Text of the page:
Ricky Schroder, U.S. Army Team for New Unscripted Series (Exclusive)

Ricky Schroder and his production company have teamed up with the U.S. Army to produce an unscripted series aimed at educating and informing Americans about Army life and potential military careers.

Starting Strong -- a 10-week series directed, narrated and produced by Schroder through his Ricky Schroder Productions -- is set to debut June 2 in 16 Fox affiliate markets, The Hollywood Reporter has learned exclusively. Four additional episodes will air online.

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The half-hour show intends to introduce viewers to the many aspects of a soldier's life as well as the Army's more than 150 different military occupational specialties (MOS). Starting Strong, which was shot at Army installations such as Ft. Bragg and Joint Base Lewis McChord, is being described as the "first of its kind" in allowing Army prospects to tell their personal stories and experiences as potential soldiers.

"This is sort of new for the Army to give this behind-the-scenes, open-door look at what it means to live, eat and breathe Army life," Schroder tells THR. "Viewers are going to see real, young men and women getting real experience in living, eating and breathing Army culture and jobs."

The project is somewhat personal for Schroder, who notes that he's a longtime military supporter and has family members who have served in various branches. He grew up hearing stories from his grandfathers, who served in the Army and Navy.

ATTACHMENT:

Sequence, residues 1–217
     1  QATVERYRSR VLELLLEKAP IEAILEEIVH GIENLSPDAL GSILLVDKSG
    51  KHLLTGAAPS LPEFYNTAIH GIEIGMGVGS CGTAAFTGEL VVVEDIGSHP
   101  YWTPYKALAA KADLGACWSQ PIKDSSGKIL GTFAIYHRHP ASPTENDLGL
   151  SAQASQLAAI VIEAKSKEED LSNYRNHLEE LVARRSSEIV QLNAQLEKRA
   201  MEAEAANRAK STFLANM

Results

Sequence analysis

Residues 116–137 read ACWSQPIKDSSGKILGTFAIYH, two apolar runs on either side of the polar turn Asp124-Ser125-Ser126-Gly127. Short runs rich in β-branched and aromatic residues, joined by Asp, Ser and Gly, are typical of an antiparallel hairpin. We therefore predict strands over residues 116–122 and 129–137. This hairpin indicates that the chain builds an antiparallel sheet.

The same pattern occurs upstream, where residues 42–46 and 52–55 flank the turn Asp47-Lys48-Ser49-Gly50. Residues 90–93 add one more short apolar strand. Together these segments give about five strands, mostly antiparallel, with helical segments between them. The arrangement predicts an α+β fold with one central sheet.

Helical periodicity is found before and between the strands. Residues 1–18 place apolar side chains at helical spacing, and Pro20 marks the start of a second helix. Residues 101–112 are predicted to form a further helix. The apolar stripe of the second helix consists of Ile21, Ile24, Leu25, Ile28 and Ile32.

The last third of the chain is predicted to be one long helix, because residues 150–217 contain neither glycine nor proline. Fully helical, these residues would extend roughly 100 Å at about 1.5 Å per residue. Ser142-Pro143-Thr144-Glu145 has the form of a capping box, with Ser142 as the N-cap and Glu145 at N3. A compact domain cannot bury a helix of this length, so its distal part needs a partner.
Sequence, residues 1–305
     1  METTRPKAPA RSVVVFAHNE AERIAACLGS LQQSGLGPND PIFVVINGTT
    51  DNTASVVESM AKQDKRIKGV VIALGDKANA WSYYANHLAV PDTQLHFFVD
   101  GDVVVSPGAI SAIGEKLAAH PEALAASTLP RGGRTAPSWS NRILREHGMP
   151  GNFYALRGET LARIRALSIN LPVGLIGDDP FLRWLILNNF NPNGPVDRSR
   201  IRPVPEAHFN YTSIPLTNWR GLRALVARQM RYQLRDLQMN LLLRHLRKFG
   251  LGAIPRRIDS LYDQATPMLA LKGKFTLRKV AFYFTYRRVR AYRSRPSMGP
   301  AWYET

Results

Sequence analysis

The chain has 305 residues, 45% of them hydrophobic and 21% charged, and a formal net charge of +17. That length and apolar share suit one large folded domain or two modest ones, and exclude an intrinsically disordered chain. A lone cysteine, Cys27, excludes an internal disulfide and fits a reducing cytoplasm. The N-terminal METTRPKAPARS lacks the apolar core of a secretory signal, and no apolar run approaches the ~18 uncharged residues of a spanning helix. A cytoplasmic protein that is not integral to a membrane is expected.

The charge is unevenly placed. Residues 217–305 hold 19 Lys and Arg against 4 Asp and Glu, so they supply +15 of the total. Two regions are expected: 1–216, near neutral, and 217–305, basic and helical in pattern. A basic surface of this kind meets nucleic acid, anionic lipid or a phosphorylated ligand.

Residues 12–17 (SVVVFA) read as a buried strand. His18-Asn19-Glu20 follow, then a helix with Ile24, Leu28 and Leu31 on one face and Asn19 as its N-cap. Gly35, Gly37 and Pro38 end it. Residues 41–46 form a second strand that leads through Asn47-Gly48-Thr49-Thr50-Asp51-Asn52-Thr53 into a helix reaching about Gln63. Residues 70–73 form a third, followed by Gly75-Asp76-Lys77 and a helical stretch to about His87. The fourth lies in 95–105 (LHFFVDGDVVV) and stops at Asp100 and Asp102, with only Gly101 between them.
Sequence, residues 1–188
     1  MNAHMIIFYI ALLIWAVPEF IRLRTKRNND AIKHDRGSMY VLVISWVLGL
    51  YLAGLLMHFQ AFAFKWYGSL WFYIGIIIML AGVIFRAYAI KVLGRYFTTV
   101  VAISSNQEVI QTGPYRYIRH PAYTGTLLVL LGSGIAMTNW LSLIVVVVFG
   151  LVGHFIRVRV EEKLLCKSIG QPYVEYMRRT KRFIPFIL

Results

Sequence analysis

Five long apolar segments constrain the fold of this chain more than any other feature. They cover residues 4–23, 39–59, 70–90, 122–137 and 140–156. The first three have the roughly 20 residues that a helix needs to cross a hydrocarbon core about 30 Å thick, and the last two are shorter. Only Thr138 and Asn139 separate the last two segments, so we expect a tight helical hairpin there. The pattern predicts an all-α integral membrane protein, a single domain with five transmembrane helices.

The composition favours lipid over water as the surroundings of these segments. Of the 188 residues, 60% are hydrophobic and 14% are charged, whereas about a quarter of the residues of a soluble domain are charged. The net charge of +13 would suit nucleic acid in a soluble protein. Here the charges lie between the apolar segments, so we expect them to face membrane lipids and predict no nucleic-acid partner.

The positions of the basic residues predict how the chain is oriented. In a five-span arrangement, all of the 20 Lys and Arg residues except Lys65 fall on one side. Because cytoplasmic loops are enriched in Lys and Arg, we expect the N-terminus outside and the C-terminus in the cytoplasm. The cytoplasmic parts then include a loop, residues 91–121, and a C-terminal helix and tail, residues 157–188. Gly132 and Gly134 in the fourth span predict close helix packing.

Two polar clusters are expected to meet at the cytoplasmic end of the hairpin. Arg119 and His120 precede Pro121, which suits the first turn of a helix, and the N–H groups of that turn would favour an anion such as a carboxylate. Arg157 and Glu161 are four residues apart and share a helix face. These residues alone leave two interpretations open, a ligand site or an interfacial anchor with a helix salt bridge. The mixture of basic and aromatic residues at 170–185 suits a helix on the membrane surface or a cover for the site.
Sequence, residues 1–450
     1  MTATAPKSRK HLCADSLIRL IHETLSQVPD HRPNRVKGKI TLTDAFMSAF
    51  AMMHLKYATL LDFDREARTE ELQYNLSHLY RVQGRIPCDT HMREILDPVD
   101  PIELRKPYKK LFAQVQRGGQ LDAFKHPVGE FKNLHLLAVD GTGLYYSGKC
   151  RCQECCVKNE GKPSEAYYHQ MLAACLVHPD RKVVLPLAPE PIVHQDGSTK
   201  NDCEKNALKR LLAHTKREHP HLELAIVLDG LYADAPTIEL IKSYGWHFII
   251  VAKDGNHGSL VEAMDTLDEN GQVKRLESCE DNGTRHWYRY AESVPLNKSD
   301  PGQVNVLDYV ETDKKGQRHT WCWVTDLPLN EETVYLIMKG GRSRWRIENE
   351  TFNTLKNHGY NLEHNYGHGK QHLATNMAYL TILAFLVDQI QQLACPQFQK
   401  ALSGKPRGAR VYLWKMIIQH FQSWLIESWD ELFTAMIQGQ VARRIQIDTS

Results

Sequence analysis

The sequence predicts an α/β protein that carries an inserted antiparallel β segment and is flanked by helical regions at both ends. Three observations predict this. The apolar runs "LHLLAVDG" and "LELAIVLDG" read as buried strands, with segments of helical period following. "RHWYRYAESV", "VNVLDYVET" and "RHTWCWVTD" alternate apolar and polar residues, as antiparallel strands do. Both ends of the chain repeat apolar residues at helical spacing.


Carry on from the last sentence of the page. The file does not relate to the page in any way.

"I grew up with a feeling that these men were heroes," he says, noting that he became involved after meeting with Mark Davis, deputy assistant secretary of the Army for marketing, who shared the idea of a behind-the-scenes project that would give an inside look at Army life beyond what could be shown in a 30-second commercial. "The opportunity to use my creative skills and tell stories about the American Army seemed like a perfect fit."

Starting Strong will follow military candidates as they work to meet the challenges of their chosen MOS and ends with their decision to join the Army or remain a civilian. Schroder says that, in some cases, the decision turns out to be an emotional one.

"Sometimes what the families want the young man or woman to do is different than what they end up doing," he says. "And the Army's standards are higher than ever, so in some cases, the Army may not want you because you are just not up to standards. You will see some of that, but it will be handled in a very delicate and gentle way."

Schroder adds that working with the Army over the course of a year left a big impression on him.

"They are like a large family, and they really do care about and look out for each other," he says. "[The senior leaders] care about so much about their young soldiers and want to bring every one of them home."